Note: After the season finale on August 27th, the web (and TransformTek’s offices) were buzzing about Game of Thrones. We did wait a month to avoid spoiling it for you. So, enjoy reading this edition of #FridayFacts.
“Chaos isn’t a pit. Chaos is a ladder. Many who try to climb it fail, and never get to try again.” This is true for those who dabble in mobile form design only to give up after failing to achieve their goals. As simple as it may seem, this task can be so overwhelming that you may be tempted to give up and hire a mobile app developer. However, there’s one thing we say in response: “Not today.”
You can start creating highly effective mobile forms using the tips listed below courtesy of the main players across the Seven Kingdoms.
1) Keep it All in One Place (Or the App in this Case)
The Lannisters and Targaryens believe that keeping it within the family ensures their strength. It also reduces the chances of distractions since they don’t need to go seeking elsewhere. So, make sure that you provide forms and other components complementing them within an enterprise mobile app.
In addition to grouping your forms in one category, place all forms into a single app. You can set the visibility of forms and categories based on criteria such as role within organization or department.
You can further configure the app to ensure fewer distractions. For instance, you can allow users to access the portals they need for work from the app itself. You can also include controls such as Web View Control to create hybrid apps and access work-related websites from the app itself.
2) Grouping is Everything in War and Design
Control placement is vital in mobile forms. Placing the ‘Sign Up’ and ‘Sign In’ buttons together is as dangerous as having Cersei near a stock of wildfire. Well, not as dangerous, but definitely frowned upon by expert mobile form designers.
Both actions contain the same verb. When positioned close to one another, they can confuse users. Some users may even exclaim “I choose violence” due to limited time and entry problems, opting to delete your mobile app. This, in turn, hinders your efforts towards mobilizing your workforce and instead allows shadow IT to make its way into your enterprise.
So, ensure great user experience by dividing these fields. Also, make the buttons appear different by using different verbs.
3) Some Secrets Should See the Light of Day
As Lord Varys aptly puts it, “Secrets are worth more than silver or sapphires.” However, even the Spider knows that some secrets shouldn’t be hidden. One of the secrets you should think twice before hiding is the text users type in the password text box.
Password input fields are masked to secure their content. However, even the most experienced typists frequently mistype their password. With each ‘Incorrect Password’ prompt, users’ frustration will increase and they may decide to re-pick up their pre-mobility practices.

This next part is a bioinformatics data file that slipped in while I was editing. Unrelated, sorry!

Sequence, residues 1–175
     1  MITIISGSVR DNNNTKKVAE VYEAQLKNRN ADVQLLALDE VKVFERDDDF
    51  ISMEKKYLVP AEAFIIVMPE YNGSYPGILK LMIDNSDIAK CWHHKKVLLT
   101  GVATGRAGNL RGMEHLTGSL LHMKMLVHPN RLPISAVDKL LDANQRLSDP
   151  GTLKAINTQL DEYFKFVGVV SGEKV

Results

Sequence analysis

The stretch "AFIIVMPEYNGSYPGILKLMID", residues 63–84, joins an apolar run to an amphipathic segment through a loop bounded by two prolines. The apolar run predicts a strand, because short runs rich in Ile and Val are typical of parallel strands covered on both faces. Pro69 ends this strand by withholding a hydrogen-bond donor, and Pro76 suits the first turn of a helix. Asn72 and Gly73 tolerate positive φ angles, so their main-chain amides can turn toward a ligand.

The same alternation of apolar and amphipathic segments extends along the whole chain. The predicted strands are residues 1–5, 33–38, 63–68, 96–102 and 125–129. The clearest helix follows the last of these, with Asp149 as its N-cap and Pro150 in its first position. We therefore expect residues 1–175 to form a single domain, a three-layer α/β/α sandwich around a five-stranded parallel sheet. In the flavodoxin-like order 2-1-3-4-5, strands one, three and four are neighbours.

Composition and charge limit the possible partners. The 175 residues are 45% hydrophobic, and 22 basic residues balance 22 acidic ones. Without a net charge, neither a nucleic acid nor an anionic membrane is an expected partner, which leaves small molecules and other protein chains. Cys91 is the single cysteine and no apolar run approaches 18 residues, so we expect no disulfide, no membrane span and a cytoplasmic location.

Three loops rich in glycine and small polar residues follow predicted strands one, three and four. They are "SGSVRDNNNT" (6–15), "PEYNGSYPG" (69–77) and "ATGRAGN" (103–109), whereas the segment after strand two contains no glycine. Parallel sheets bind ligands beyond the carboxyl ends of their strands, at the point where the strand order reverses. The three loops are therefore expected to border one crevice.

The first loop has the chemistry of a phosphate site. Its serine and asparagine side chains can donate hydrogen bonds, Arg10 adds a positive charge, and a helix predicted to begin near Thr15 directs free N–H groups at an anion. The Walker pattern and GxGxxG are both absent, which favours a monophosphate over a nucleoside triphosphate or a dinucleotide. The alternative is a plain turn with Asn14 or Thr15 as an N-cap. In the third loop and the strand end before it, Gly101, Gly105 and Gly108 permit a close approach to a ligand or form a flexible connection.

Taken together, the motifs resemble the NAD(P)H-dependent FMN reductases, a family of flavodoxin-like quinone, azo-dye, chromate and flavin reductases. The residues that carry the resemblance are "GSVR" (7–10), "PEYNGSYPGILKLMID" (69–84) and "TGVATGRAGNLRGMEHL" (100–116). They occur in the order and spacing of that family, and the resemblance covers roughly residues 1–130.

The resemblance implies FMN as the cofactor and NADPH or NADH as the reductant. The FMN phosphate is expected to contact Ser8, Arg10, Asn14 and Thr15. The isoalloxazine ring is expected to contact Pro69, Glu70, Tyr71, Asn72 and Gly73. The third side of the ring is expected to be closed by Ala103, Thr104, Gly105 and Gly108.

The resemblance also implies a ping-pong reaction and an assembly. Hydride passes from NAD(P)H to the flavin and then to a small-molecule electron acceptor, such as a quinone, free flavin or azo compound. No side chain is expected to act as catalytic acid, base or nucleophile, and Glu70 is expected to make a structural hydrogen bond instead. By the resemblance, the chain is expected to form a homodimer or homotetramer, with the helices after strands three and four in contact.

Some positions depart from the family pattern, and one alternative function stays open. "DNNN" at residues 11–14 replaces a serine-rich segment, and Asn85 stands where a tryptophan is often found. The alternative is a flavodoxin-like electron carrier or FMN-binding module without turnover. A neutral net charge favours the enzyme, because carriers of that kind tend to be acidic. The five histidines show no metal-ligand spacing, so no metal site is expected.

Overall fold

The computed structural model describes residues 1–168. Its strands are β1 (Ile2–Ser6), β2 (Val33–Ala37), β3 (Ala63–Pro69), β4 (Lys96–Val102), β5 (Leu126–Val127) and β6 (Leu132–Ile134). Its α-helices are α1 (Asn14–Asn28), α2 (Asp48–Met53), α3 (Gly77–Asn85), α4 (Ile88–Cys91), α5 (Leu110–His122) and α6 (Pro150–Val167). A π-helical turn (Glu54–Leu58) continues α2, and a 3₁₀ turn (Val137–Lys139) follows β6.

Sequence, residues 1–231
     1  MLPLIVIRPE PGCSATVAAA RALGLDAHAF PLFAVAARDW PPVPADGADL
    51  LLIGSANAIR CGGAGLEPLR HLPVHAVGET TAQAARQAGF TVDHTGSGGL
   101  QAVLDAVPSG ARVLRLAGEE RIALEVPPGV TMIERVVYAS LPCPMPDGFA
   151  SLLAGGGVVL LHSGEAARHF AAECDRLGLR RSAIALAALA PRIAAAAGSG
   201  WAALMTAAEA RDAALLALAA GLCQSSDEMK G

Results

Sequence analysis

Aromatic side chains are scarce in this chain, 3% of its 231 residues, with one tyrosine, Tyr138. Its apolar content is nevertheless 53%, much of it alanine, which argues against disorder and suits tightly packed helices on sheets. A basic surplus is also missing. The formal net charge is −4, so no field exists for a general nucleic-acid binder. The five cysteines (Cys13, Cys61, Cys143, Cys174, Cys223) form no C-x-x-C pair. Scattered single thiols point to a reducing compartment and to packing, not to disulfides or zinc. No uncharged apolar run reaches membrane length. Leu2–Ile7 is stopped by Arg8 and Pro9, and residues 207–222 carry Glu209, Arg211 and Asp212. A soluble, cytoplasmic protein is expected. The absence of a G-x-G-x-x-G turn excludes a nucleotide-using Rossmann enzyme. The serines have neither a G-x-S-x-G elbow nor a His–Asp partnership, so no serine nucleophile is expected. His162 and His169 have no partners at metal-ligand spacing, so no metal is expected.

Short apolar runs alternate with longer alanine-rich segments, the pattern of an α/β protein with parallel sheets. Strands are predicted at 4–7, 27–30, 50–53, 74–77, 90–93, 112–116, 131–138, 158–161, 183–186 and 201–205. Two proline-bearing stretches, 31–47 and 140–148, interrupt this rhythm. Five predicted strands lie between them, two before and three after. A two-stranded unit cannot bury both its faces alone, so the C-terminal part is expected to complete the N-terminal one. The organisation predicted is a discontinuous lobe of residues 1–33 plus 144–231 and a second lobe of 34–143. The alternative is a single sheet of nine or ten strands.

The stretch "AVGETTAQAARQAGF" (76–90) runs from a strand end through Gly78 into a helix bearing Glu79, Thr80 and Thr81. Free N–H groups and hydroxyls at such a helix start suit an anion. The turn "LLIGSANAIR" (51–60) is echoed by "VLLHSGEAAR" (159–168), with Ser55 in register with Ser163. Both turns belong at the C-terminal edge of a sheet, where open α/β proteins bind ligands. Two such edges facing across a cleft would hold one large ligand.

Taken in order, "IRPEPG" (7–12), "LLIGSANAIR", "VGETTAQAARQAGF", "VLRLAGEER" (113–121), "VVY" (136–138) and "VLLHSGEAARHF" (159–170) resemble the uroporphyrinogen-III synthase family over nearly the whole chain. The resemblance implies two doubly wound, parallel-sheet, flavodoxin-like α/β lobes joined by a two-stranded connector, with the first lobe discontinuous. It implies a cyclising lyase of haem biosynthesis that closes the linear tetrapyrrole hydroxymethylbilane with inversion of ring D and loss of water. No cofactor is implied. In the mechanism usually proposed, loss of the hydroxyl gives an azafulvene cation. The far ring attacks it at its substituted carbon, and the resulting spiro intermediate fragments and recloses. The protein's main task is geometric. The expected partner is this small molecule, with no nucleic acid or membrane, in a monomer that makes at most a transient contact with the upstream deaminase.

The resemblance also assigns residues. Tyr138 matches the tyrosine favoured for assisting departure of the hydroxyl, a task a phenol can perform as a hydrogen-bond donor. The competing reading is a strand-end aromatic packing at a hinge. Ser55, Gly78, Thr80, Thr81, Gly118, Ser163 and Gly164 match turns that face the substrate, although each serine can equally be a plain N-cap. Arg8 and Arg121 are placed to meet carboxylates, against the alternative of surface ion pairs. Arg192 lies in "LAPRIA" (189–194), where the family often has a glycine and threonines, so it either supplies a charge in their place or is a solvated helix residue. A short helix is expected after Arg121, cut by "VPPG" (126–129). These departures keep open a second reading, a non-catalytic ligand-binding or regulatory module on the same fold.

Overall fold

Therefore, allow users to see what they entered by adding a ‘Show Password’ checkbox or icon next to the password field. That way, they can unmask the password and see their mistakes.
4) The North Remembers, but Users May Not
Not everyone has the perfect memory of Arya Stark or Cersei Lannister (thankfully). As a result, users can forget their passwords. So, give users the chance to restore them in that case, especially from the login page.
Add a ‘Forgot Your Password?’ link beneath the Login button. You can have users choose to receive recovery codes either via email or SMS.
5) Bending the Knee Can Actually Benefit You
If Jon Snow can bend the knee despite being the King of the North, you can be more forgiving with input formatting unless users need to type very precise information.
For instance, if you require users to enter a phone number into a form, don’t use multiple input fields for each of the area code, prefix, and number. Be flexible and allow them to add information in a way that’s easily scannable by humans to prevent mistakes.
6) Always Anticipate the Other Person’s Next Move
Lady Olenna Tyrell was a breath of fresh air as she didn’t scheme for the sake of the “ugly iron chair”. Instead, she wanted to benefit her own family by anticipating others’ next moves and responding accordingly.
Taking a leaf out of her book, consider anticipating some of your users’ responses and prefill values in fields. For instance, instead of prompting a user to enter their address, allow them to switch on their devices’ GPS sensors to detect device location.
Another form of pre-filling data is to have linked fields. For example, when an employee enters their name in a form, the fields ‘Designation’ and ‘Department’ is automatically filled based on data retrieved from your ERP.
7) Test the Dragons (or App) Before the Final Battle
Daenerys’ progress towards Westeros included several smaller attacks where she tested out her dragon’s true power. This is a fine example of the need to test excessively before finally placing your mobile forms in users’ hands.
Your main focus is to deliver a good use experience so that employees don’t delete the app containing your mobile forms. So, test your forms across systems, screens, and setups. You can establish user testing groups as well, and use their feedback to improve your forms’ user experience.
Keep these tips in mind and you’ll be able to create sophisticated mobile forms which effectively substitute your paper-based ones.
And if you enjoyed this season Game of Thrones and this special edition of #FridayFacts, help us spread these tips by sharing them with your friends and colleagues.